Sheeba I am a freelancer since the last 2 years providing web development & support services. Primarily, I use WordPress for most of my web development services. I found WordPress easy to understand and most important I have been getting great support from the WordPress community. Though I did not have any PHP coding experience, I still found that I could setup WordPress and learn along my way. And I have never looked back  and definitely thankful to WordPress to make my transition from a 9-5 job to freelancing so fruitful.

Nisha WordPress is very important in my professional career; because of WordPress I am where I am. My journey started as a Quality Analyst in WPoets technology testing sites and themes built on WordPress. Now I spent my free time testing themes on

Ranjitha I work as a Web Developer and have recently started exploring and working on WordPress. I find it very exciting as there are plenty of tutorials, howto guides and help available for WordPress newbies and I never feel lost.

I also realized how big the economy around WordPress had grown. I want to know even the minute details of how WordPress works and want to become an expert in Plugin development and want to create and release my own plugins in near future.

Shilpa To say that WordPress has played a huge role , is an understatement, to say the least. It’s been absolutely fantastic – the whole being-part-of-a-community-feeling is something I have never experienced before , in any other platform that I have worked with.

Do you think the community treats you differently because you are a woman, for good or for worse?

Priya Not really. I do think we get some advantages as a result of being women (like being featured in a post on women in WordPress 🙂 ) but otherwise I think we get treated like any other professional.

Juhi I don’t think so. Why they should treat us differently? I have always been against of reservation. People should be treated on the basis of their skills not on the basis of gender, race etc.

Sheeba I have not felt nor sensed any discrimination which is another reason probably for me feeling more comfortable with this community. The community has been very supportive  & cooperative towards everyone approaching them.  As a women, I found community treating all equally and with respect and I found the overall setup and approach flexible.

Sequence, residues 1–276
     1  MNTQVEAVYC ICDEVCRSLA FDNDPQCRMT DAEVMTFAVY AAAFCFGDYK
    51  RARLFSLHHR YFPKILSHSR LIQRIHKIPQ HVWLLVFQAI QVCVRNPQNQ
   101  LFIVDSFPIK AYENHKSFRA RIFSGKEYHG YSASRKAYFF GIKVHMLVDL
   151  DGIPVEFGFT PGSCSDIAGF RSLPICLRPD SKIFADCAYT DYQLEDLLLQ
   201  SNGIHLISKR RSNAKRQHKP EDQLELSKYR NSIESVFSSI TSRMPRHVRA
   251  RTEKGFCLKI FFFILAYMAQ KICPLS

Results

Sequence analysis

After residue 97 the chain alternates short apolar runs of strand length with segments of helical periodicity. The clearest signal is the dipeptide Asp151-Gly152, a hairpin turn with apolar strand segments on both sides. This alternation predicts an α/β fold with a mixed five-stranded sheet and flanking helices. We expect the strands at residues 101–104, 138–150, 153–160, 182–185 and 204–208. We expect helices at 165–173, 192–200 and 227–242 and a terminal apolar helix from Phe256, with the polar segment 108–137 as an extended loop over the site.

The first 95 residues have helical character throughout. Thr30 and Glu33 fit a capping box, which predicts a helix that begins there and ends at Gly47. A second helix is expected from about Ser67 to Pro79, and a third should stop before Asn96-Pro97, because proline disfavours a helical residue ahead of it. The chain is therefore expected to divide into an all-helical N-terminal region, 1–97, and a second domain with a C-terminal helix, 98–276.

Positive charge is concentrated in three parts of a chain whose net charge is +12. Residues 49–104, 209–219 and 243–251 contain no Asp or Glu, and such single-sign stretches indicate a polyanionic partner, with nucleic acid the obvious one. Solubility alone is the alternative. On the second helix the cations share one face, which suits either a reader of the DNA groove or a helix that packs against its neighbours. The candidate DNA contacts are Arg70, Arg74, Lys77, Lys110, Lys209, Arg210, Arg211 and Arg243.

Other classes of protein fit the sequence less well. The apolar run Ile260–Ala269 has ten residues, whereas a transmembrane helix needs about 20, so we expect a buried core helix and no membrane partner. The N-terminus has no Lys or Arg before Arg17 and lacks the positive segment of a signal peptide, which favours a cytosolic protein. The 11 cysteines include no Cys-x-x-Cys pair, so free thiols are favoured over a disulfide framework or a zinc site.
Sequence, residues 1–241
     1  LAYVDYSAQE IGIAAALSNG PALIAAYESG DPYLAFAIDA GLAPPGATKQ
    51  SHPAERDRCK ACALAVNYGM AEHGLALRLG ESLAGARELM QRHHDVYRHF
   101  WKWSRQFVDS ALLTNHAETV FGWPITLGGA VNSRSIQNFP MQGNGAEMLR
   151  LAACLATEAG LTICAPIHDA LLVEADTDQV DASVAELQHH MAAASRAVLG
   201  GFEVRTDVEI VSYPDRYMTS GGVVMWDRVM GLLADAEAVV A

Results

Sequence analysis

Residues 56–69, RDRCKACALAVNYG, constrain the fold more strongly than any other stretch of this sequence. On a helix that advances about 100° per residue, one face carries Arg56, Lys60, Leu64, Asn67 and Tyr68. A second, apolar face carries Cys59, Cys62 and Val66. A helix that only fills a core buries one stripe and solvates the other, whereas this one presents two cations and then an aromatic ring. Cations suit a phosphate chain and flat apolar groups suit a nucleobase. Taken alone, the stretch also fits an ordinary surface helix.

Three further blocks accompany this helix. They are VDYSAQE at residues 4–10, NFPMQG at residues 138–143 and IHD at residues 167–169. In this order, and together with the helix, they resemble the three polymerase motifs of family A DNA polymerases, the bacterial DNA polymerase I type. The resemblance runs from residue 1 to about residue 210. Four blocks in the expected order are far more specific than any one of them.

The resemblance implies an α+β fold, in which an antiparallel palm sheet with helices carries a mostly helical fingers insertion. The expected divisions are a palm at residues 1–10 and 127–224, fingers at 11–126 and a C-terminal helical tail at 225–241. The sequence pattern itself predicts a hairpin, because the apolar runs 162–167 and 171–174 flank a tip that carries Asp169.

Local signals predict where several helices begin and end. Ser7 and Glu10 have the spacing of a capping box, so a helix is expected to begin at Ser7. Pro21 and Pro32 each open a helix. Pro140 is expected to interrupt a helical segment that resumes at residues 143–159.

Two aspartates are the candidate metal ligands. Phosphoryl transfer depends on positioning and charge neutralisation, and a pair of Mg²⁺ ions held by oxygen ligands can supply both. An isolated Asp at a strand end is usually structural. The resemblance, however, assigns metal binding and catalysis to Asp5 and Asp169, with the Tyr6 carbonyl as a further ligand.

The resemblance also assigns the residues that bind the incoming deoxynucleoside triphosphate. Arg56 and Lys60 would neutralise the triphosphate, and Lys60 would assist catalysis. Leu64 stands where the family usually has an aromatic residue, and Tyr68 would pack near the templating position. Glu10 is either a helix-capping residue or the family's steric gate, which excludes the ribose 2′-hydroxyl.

Nisha I have not felt any difference because of my gender and I hope that community does not treat people differently based on gender or race.

Ranjitha As I have just started with WordPress, I do not have any direct experiences of same. This is one of the main reasons I want to be part of WordCamp Pune and want to Volunteer to interact with other WordPress community members in Pune.

What I feel is, regardless of the gender, people want to work with someone they enjoy being around. Luckily, I have never been treated differently just because I am a woman.

Shilpa If there are any women out there who might have faced discrimination , my heart goes out to them. I consider myself blessed to have been brought up to expect no special favours or tolerate any discrimination, by virtue of being a woman.

Does WordPress hold any special value for women?

Priya Only in the sense that it makes it easier for women who write blogs to express themselves. Also for women entrepreneurs to set up websites at a low cost. Otherwise I don’t think it holds special value to women or men.

Juhi No, I don’t think so.

Sheeba No, in my opinion, there is no need for it to hold any special value for women. We are just developers, quality analysts etc and I am happy it is this way. We don’t want to feel inferior by this treatment.